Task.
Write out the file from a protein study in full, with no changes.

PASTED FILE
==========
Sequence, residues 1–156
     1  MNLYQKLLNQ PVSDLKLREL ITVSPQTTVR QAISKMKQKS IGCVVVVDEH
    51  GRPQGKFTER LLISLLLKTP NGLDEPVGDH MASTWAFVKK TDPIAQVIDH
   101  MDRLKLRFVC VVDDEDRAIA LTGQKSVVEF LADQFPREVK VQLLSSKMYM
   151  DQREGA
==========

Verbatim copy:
Sequence, residues 1–156
     1  MNLYQKLLNQ PVSDLKLREL ITVSPQTTVR QAISKMKQKS IGCVVVVDEH
    51  GRPQGKFTER LLISLLLKTP NGLDEPVGDH MASTWAFVKK TDPIAQVIDH
   101  MDRLKLRFVC VVDDEDRAIA LTGQKSVVEF LADQFPREVK VQLLSSKMYM
   151  DQREGA